Adequate trial of all known antidepressanls and combinations with all putative potentiating agents for a persistantlv refractory depression could easily lake years, during which the patient's hoplessness may deepen from the experience of interminable treatment failures. The chronic depression adversely impacts the patient's life in many ways - through divorce, social isolation, lack of income, loss of social and occupational status, alcohol and drug abuse. Of course, it is equally possible thai the hopes raised by having a series of different drugs to try may help support the patient through a íong period of chronic depression until spontaneous remission supervenes.

It is not enough, however, to have an array of treatment alternatives that might work, to be chosen more or less randomly for use in treatment on a trial-and-error basis. We need to choose what is to be tried next on the basis of data indicating what is most likely to work. So far, we are largely lacking in such data, which requires at least systematic follow-up of patients initially selected for treatment-resistance according to stringent criteria, as they proceed through successive treatment trials administered on a clinical basis.

While treatment approaches that seem most promising have been reviewed, these are not necessarily the usual approaches tried first in clinical situations. For example, many psychiatrists, speculating about "serotonergic" versus "noradrenergic" effects ol dubious relevance, may proceed from lailure on an adequate trial of amitriptyline. to a subsequent trial of desipramine. There is virtually no evidence to indicate lhc likelihood of success with such a measure. Such a clinically common, but poorly documented stratagem needs ?? be compared in controlled fashion with some of the approaches reviewed and recommended here. New antidepressant drugs will also deserve controlled comparison with established treatments for TCA-resistant depression. because much of their usefulness may lie in such cases.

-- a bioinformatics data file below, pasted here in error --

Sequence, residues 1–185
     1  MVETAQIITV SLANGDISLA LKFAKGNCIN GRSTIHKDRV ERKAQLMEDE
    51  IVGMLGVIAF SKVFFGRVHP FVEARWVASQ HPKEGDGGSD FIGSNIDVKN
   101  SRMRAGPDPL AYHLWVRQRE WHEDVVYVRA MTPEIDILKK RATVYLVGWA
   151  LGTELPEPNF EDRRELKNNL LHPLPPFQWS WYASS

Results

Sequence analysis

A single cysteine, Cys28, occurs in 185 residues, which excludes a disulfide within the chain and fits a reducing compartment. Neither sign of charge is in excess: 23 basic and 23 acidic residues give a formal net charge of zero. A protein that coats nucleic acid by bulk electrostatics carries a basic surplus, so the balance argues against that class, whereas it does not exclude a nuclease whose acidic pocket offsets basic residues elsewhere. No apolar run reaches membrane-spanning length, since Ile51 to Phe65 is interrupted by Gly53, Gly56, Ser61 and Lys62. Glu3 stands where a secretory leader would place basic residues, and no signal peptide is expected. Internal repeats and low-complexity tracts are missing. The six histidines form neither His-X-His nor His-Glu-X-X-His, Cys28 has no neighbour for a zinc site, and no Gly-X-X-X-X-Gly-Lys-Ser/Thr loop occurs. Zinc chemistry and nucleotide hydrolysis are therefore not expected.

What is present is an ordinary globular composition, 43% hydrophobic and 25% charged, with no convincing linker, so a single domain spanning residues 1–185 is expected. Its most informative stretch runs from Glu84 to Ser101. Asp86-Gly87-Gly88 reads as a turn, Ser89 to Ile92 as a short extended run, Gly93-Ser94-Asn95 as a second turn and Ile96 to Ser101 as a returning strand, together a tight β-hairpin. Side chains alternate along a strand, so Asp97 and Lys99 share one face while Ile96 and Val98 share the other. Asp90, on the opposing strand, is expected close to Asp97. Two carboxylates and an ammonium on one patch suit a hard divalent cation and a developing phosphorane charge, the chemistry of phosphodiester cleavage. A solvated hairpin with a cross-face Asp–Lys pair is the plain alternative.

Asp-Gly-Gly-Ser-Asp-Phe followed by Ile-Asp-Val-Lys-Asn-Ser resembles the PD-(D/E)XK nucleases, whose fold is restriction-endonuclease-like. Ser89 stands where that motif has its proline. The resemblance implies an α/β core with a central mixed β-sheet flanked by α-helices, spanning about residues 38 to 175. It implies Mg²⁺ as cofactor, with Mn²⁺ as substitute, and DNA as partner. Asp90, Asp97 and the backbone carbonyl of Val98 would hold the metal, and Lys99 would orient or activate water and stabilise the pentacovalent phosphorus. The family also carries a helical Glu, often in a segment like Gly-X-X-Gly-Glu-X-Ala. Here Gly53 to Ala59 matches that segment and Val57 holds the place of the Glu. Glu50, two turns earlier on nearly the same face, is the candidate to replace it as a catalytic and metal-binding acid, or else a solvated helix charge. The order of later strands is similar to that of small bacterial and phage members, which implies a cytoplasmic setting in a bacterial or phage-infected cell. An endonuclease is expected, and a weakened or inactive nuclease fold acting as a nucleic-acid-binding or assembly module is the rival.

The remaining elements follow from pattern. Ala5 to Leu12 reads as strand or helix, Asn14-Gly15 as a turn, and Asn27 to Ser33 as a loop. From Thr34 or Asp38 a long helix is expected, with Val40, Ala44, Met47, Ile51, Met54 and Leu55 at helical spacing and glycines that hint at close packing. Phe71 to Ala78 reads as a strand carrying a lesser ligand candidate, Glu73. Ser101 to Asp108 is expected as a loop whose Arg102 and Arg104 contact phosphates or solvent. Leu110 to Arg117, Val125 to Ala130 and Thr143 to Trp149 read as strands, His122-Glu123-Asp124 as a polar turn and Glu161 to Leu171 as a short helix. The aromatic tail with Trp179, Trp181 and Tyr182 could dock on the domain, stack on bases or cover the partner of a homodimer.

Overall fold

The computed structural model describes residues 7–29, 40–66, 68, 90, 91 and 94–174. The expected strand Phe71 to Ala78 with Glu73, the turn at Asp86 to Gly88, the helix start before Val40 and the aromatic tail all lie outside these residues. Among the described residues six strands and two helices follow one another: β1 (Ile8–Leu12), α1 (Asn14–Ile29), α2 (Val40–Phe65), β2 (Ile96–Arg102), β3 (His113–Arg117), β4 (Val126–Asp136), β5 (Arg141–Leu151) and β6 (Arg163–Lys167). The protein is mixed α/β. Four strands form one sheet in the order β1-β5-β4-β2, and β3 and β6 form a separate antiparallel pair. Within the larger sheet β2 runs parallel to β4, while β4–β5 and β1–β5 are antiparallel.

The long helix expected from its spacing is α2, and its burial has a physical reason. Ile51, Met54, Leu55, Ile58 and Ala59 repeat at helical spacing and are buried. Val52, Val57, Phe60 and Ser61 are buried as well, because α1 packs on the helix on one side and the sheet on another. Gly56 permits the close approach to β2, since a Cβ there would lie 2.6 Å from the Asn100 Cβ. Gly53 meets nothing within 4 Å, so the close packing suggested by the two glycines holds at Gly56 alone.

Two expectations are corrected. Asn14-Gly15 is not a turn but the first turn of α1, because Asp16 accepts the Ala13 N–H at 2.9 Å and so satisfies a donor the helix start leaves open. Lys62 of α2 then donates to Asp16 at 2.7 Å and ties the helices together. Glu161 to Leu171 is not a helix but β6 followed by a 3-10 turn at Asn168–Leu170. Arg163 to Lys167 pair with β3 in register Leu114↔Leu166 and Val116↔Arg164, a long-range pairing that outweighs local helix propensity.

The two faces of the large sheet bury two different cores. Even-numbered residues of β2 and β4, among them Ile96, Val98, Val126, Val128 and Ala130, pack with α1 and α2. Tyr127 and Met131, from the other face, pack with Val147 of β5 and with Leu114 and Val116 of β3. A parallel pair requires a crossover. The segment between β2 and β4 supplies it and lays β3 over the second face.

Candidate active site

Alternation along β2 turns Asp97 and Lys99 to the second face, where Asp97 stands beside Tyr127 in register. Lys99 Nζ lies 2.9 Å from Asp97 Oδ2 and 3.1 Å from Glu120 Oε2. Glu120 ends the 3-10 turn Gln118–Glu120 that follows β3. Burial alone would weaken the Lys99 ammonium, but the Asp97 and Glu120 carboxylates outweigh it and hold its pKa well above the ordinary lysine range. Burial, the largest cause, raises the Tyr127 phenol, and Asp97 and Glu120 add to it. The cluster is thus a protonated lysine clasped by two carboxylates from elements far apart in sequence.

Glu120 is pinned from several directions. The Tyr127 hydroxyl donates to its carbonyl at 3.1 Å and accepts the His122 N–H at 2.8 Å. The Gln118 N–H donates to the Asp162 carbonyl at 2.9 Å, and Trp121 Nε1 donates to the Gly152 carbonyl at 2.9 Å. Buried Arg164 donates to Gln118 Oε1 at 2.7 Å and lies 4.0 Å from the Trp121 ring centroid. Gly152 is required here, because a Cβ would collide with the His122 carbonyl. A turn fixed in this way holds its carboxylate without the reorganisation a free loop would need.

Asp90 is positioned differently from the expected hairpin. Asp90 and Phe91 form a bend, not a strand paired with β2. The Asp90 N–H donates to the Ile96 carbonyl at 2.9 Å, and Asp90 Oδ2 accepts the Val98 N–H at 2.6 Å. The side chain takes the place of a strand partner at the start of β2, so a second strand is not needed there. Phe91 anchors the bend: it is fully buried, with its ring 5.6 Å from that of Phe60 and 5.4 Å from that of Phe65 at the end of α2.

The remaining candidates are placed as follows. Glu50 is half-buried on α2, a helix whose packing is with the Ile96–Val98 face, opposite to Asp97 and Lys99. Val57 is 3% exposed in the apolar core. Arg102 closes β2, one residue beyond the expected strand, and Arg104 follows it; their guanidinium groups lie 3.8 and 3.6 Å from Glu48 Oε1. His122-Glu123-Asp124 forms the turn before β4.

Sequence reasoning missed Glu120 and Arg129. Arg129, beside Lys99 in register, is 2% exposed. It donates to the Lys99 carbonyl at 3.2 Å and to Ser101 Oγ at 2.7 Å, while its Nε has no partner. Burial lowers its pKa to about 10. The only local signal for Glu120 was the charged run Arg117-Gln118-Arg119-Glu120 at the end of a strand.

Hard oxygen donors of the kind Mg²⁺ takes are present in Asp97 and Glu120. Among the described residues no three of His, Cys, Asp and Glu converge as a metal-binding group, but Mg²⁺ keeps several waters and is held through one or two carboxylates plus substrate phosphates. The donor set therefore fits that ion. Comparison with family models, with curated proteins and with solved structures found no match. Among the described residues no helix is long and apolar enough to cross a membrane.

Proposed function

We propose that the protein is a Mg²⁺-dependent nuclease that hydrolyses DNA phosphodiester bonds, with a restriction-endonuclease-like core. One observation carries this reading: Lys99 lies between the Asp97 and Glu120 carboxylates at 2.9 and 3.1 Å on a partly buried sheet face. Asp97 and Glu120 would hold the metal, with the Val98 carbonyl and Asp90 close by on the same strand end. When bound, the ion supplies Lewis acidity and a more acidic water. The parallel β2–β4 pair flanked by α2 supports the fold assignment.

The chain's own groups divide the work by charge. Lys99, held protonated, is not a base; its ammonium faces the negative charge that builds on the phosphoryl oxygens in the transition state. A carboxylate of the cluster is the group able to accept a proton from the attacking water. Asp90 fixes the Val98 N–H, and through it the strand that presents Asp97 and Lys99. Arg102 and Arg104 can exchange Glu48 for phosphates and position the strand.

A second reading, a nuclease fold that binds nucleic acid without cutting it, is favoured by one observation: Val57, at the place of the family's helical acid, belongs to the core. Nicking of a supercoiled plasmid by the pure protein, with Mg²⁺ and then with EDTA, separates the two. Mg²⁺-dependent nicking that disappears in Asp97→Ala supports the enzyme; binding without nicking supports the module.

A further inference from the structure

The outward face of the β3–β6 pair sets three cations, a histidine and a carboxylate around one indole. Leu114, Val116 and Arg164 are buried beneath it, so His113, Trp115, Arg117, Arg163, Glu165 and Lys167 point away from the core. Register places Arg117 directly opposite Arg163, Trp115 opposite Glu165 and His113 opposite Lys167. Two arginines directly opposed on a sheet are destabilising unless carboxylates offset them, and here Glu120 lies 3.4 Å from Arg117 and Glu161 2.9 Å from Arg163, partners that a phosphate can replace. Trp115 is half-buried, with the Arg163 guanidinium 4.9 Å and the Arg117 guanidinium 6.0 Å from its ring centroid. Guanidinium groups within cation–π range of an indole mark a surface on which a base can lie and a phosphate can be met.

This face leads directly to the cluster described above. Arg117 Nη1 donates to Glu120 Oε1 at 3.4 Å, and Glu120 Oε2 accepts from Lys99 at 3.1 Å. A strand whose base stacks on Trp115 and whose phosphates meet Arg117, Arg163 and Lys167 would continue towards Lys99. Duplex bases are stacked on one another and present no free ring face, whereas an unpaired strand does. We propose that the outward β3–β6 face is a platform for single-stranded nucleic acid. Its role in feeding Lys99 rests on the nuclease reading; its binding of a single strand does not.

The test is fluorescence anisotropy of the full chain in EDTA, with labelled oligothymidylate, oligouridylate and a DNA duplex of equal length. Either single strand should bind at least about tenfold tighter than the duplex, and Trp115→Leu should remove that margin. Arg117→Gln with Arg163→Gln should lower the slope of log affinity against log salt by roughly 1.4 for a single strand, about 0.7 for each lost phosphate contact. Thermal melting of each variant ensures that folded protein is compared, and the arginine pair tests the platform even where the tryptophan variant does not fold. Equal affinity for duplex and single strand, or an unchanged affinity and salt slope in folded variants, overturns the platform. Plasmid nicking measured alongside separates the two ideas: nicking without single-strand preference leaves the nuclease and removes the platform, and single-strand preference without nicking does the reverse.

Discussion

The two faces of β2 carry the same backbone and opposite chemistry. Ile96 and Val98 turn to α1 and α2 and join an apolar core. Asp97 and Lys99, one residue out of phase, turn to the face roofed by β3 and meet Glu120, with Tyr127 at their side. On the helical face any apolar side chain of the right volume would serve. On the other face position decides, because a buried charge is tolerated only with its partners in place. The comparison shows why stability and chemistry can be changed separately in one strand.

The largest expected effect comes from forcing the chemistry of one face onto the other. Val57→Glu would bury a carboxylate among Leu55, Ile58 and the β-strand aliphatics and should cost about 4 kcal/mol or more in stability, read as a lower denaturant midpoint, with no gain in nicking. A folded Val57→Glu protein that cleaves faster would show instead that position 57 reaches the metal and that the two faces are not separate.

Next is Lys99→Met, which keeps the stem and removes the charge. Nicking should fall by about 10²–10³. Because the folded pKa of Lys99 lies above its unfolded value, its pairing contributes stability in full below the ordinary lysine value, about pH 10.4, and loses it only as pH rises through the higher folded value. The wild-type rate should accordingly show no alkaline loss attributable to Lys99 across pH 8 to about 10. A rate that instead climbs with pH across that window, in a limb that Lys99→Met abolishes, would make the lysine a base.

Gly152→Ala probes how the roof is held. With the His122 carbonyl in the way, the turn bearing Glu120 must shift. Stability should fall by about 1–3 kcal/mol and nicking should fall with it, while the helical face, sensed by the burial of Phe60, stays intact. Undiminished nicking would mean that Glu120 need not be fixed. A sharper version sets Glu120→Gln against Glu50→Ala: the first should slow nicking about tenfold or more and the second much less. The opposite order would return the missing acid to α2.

Refractory depression is an area where not onlv controlled research. but also careful clinical reports, can significantly increase our knowledge. Where a patient has stable symptomatology, often present on a chronic basis, without response to some plausible prior treatments, the clinician is in a belter than usual position to document efficacy from an instance of therapeutic success. This efficacy is less likely to be attributable to placebo effects of spontaneous remission (though this may occur even in the most chronic cases) than is improvement in a case of acute, previously untreated depression. Many of the treatments discussed here have their basis for consideration largely in such uncontrolled clinical reports, a situation likely to alter only slowly as research turns increasingly to this difficult but important issue.

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10.3928/0048-5713-19870401-13